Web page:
Histopathology After Endolymphatic Sac Surgery for Meniere's Syndrome

Massachusetts Eye and Ear and Infirmary, Harvard Medical School, Boston, Massachusetts 02114, USA.
Otology & neurotology: official publication of the American Otological Society, American Neurotology Society [and] European Academy of Otology and Neurotology (Impact Factor: 1.79). 03/2011; 32(4):660-4. DOI: 10.1097/MAO.0b013e31821553ce
Source: PubMed


The putative goal of sac surgery in Ménière's syndrome is to promote the flow of endolymph from the labyrinth to the endolymphatic sac and thereby relieving hydrops. There are scant published histopathologic data whether sac surgery actually accomplishes this goal.
To determine whether sac surgery relieves hydrops by examining the histopathologic changes in temporal bones obtained from individuals who had undergone sac surgery during life for Ménière's syndrome.
Temporal bones were examined from 15 patients who had sac surgery. Data on the presence and severity of hydrops, histology of the sac, and whether the procedure relieved vertigo were collected.
The surgery failed to expose the sac in 5 cases; 4 of the 5 had relief from vertigo. The sac was exposed, but the shunt failed to reach the lumen of the sac in 8 cases; 4 of the 8 had relief from vertigo. The shunt was successfully placed within the lumen of the sac in 2 cases; both cases failed to experience relief from vertigo. Endolymphatic hydrops was present in all 15 cases.
Endolymphatic sac surgery does not relieve hydrops in patients with Ménière's syndrome. Yet, sac surgery relieves vertigo in some patients, but the mechanism of such symptomatic relief remains unknown.


Available from: Fred H Linthicum, Mar 12, 2014

  • Otology & neurotology: official publication of the American Otological Society, American Neurotology Society [and] European Academy of Otology and Neurotology 12/2011; 33(1):96. DOI:10.1097/MAO.0b013e31823c91bb · 1.79 Impact Factor
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    ABSTRACT: The cause of Meniere's disease is unknown. The postmortem examination of the temporal bone reveals an "endolymphatic hydrops" of the inner ear. Classically, patients describe episodes of vertigo, fluctuations of hearing and tinnitus. But some report "strange stories" that deserve doctor's attention. This article explains why their history (as those suffering from any other vestibular disorder) is often particular, to recall the few knowledge of the disease, how the endolymphatic hydrops was considered as the cause of the disorder, while it is rather an epiphenomenon, and to show how one can believe, wrongly, that a therapy is efficient after a study that seems however at first correctly performed.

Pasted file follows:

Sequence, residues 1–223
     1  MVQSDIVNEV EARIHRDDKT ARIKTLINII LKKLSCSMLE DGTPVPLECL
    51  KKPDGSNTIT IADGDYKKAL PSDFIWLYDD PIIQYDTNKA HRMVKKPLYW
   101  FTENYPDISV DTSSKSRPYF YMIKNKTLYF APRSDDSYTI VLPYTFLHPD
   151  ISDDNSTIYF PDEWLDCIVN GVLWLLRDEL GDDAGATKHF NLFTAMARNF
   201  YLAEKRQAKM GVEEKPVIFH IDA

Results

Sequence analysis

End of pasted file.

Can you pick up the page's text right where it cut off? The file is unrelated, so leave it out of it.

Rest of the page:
Revue médicale suisse 10/2012; 8(356):1872-5.
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    ABSTRACT: Conclusion: Endolymphatic hydrops could be a reversible inner ear pathological condition. After sac surgery, hydrops was reduced and symptoms went into remission in some cases, although vertigo suppression was not always a result of the reduced hydrops. Objective: To examine the changes in endolymphatic hydrops detected by gadolinium (Gd) contrast-enhanced magnetic resonance imaging (MRI) before and 6 months after endolymphatic sac surgery in patients with unilateral Ménière's disease. Methods: Fluid-attenuated inversion recovery MRI was obtained 4 h after intravenous administration or 24 h after intratympanic administration of Gd contrast medium. An enlarged negative stain corresponding to the cochlear duct and endolymphatic space of the vestibule was assessed as hydrops. Results: Of seven patients with hydrops confirmed by MRI before surgery, both cochlear and vestibular hydrops became negative in two, cochlear hydrops became negative in one, both hydrops were present, but reduced, in one, and there was no change in three patients. The number of vertigo spells was reduced in all cases at 6-12 months after surgery. As for the three cases of negative hydrops, vertigo was completely suppressed. In two cases in which hearing level improved, hydrops became negative after surgery.
    Acta oto-laryngologica 06/2013; 133(9). DOI:10.3109/00016489.2013.795290 · 1.10 Impact Factor
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